Ondrej Hanus

Ondrej Hanus  Photo by Linda Luhanová

 

FIG. 9

(silent)
 

between the grasses the silent air is thicker
breathing deeply in, I drink green ichor

tomorrow wastes will ring out black and blue
my God, oh find me where I forsake you

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FIG. 23

(archangelic)
 

occasionally there is too much ado
about night-time, that’s fine, turn out the light
and slide me in the grave, this time I’m through
with sounds and lights, for me now dreams feel right

sometimes there are too many nights that stay
that’s why archangels play upon the wing
a game that knows no draw, a game they play
with rules agreed upon for everything

and oral compacts (several cases of)
we can allow that these archangels love
erasing nights and underscoring comets

the nights lure me the more as I am weak
lately I had a suicidal streak
that’s why I wrote the archangels a sonnet

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FIG. 37

(jasmine)
 

when dark obscure nights merge with those that gleam
when time has realized the race it runs
is not to take flesh from our skeletons
but rather that white jasmines will not seem

as plain and ordinary to us as blood
when great cathedrals speak at last a word
unmuddled, humbled by the natural world
when coffins make us pity just the wood

when bones of words break in a major chord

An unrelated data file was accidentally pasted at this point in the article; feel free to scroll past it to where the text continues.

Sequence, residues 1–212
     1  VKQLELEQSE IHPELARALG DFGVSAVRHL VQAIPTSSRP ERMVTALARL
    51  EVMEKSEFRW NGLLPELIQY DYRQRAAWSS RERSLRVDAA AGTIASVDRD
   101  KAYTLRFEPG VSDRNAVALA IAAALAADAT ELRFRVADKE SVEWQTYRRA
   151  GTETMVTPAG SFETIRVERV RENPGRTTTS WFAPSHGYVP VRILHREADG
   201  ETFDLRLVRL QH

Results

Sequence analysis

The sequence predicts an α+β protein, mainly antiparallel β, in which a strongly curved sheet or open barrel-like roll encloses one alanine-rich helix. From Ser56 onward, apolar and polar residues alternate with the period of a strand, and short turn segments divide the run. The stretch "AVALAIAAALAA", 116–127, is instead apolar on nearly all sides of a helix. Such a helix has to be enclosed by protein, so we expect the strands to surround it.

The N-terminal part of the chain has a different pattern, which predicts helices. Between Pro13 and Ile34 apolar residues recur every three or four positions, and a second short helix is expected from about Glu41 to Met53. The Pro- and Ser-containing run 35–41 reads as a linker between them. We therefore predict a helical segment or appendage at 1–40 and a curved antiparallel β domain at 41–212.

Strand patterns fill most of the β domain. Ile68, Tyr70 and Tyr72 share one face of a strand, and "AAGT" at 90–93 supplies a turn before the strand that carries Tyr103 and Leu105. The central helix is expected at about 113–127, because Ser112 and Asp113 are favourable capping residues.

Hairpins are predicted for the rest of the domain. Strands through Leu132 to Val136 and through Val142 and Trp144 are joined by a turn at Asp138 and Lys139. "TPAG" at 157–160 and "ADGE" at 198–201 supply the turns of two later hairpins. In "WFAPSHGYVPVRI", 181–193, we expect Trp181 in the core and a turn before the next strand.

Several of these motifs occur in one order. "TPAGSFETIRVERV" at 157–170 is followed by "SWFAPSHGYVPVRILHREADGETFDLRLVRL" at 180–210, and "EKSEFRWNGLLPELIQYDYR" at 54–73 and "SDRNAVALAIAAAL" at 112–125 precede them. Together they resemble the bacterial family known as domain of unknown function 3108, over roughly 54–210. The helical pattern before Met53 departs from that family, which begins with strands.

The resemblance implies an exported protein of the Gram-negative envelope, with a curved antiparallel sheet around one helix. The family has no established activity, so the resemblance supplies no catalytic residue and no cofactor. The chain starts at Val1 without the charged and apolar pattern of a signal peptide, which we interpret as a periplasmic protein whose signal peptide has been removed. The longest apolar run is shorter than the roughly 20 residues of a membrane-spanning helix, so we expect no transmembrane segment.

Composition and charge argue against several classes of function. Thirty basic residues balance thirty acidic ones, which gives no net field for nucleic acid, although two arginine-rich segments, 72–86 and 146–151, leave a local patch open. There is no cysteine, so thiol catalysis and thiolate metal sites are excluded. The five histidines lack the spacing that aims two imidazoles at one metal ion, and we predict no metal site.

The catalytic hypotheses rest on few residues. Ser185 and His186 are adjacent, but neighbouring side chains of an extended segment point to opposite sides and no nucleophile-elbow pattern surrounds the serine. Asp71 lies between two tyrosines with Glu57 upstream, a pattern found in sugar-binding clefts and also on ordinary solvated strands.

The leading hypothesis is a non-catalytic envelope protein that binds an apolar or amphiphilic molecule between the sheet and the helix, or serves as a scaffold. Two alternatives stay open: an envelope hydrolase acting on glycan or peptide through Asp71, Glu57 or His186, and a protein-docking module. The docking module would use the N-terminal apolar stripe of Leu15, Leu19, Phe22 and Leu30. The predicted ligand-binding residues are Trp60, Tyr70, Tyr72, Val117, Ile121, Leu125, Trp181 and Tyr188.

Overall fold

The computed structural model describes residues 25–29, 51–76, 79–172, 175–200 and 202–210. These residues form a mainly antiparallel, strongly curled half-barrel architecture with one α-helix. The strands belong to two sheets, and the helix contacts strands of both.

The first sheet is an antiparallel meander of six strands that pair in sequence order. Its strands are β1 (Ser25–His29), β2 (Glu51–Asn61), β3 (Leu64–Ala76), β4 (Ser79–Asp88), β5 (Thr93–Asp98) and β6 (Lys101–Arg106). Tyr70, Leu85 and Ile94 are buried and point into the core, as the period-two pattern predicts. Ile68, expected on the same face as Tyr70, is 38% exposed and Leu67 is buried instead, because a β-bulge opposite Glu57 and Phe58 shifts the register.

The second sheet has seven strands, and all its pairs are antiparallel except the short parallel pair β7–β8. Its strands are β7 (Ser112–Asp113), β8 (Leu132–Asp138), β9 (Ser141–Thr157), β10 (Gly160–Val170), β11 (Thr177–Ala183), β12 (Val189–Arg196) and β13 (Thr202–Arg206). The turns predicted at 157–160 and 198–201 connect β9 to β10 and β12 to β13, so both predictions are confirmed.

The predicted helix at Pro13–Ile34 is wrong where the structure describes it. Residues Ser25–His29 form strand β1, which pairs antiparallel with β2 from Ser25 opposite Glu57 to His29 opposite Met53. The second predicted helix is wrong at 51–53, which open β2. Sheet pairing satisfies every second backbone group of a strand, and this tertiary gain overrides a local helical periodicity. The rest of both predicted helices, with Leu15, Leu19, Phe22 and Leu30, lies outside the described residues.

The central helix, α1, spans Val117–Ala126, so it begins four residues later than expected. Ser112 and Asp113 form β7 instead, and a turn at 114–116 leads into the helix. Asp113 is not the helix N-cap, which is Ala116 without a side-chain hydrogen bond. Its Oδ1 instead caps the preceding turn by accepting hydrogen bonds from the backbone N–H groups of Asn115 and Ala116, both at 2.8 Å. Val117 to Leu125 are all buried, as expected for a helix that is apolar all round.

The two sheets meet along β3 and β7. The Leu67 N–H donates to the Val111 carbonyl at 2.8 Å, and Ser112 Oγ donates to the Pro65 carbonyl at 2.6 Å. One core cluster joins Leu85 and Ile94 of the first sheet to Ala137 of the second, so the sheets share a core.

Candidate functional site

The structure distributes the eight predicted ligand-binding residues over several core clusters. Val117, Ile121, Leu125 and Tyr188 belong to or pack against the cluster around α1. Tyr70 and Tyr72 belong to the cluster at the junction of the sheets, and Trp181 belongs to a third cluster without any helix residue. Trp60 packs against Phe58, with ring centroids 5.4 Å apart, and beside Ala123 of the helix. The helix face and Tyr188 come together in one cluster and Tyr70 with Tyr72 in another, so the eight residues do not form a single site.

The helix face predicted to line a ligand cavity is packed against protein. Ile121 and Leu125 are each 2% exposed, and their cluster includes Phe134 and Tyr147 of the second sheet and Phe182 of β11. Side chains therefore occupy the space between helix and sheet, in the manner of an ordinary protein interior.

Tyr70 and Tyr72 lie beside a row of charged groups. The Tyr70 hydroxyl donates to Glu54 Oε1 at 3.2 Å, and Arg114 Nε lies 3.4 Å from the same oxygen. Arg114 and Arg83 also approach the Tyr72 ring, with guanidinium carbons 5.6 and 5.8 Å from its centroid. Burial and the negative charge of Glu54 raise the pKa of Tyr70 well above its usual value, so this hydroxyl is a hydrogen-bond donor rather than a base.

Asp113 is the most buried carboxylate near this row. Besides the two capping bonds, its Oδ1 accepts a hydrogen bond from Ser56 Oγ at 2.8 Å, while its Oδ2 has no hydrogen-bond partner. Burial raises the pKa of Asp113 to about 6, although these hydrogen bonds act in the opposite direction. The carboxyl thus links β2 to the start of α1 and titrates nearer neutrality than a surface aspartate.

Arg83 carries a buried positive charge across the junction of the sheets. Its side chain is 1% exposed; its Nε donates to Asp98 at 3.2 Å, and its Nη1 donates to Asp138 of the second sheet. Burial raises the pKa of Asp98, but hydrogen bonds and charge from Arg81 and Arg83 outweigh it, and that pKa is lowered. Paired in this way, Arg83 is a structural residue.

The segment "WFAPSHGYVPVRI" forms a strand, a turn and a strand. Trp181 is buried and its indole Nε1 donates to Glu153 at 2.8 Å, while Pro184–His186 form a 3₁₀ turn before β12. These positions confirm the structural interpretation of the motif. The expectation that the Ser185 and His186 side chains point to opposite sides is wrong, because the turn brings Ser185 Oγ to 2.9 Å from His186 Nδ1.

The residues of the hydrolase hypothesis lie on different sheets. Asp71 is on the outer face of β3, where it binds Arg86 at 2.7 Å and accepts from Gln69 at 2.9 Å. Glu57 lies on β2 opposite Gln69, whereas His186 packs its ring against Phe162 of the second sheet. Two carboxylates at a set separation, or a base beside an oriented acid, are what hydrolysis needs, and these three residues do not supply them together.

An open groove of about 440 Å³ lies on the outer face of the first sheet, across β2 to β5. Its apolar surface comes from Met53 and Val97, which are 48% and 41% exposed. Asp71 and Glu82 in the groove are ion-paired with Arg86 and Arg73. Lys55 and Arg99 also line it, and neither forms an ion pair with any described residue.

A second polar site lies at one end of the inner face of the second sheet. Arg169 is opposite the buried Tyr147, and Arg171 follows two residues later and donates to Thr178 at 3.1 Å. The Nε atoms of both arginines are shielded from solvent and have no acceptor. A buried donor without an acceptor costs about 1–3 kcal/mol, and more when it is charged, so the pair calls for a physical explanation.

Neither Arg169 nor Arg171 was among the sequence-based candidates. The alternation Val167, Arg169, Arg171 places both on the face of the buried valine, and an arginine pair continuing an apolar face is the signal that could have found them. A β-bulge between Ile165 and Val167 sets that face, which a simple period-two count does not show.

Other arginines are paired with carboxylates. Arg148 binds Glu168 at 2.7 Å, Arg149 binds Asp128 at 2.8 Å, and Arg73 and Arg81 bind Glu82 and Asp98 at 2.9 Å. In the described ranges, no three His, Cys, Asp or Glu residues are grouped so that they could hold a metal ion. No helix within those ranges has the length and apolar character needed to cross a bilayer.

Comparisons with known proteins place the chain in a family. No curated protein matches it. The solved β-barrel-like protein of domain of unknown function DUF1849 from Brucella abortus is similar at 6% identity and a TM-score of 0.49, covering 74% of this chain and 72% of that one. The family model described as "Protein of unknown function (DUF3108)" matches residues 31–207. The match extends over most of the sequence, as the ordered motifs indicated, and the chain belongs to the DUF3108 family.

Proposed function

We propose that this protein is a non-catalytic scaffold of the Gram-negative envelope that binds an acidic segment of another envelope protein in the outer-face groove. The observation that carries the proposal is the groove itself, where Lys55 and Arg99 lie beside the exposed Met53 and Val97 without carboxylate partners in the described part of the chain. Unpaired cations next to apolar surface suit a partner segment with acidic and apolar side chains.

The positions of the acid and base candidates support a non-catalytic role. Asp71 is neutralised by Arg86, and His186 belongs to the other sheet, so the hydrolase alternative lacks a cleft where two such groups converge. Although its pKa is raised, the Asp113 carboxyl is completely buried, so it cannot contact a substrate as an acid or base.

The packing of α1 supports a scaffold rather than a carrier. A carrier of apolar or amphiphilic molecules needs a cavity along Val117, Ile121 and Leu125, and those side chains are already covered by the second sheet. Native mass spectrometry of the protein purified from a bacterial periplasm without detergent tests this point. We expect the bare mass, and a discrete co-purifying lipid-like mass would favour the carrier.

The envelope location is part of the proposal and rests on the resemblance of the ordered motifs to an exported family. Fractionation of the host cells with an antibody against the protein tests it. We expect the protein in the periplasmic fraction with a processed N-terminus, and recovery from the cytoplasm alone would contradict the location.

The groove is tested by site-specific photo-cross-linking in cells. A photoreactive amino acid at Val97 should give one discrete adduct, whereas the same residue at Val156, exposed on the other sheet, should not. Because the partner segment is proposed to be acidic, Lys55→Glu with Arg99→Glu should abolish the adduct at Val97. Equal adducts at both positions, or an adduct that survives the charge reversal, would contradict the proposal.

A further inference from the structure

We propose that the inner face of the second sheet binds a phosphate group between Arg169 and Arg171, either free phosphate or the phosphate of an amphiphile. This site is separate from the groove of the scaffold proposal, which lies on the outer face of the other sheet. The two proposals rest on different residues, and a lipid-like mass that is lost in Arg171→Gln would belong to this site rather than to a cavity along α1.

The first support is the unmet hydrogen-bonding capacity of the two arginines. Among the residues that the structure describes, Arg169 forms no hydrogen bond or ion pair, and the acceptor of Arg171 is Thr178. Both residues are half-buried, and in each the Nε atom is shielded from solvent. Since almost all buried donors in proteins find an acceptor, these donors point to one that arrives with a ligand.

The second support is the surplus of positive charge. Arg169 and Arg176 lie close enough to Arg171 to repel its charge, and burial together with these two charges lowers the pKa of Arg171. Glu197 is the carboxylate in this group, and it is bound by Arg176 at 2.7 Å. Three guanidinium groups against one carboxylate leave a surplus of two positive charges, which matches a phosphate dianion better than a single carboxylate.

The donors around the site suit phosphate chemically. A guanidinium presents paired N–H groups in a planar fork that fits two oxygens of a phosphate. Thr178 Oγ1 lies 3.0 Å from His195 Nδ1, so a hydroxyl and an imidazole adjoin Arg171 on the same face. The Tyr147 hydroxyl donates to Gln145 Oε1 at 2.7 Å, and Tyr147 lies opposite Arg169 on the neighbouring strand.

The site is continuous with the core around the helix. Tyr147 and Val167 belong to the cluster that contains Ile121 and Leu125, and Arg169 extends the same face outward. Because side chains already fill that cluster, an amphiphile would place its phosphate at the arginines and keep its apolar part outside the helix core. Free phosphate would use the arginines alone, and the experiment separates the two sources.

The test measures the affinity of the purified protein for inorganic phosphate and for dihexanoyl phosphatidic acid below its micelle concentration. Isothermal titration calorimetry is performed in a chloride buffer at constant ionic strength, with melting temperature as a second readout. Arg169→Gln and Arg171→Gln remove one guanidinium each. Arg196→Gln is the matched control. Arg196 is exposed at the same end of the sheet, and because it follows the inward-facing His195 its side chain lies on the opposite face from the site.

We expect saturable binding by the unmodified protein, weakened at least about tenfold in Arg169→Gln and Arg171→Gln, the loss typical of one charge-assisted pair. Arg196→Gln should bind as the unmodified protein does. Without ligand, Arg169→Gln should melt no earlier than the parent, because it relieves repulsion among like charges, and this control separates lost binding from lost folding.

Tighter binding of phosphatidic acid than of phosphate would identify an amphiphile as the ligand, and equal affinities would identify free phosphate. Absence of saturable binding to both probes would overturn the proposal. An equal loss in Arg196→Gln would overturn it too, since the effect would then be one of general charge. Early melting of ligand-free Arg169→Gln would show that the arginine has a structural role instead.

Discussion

when we suck dry their marrow, and then some,
when that one longed-for stone has finally come

when blasts of heat rush from a once-cooled Lord
then kiss me, bring me back here from dreamtime
you’ll be enough for me, and a simple rhyme

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FIG. 40

(final)
 

when the local park’s impearled with rain
I dry your palm gently
with a pathos-loving poet’s tongue
(he who was all to me)

if I will die, I’ll die in you
unfazed by such a small demise
the shadowfort is down, a new
land lies beneath new skies

still unmapped are its hills and paths
my dead sit round the public baths
and kittens lounge across my girth

death’s salutations, good-bye to earth
and the final line of the final sonnet
this violet – its scent on me and mine on it

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ONDŘEJ HANUS is a Czech poet, translator and critic. He has published two collections, Stínohrad (Shadowfort, 2008), alluded to here in “Fig. 40,” and Výjevy (A Book of Figures, 2013), for which he received the Jiří Orten Prize, and from which the poems here are taken. His third collection, entitled Volné verše (Open Forms), is published in 2017. He works as a literary editor at Plus publishing in Prague.

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Read more by Ondřej Hanus:

 
Six poems in The Literateur

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About the Translator:

 
JUSTIN QUINN works at the University of West Bohemia and his translations of Bohuslav Reynek, The Well at Morning: Selected Poems, 1925-1971, have just been published.
 

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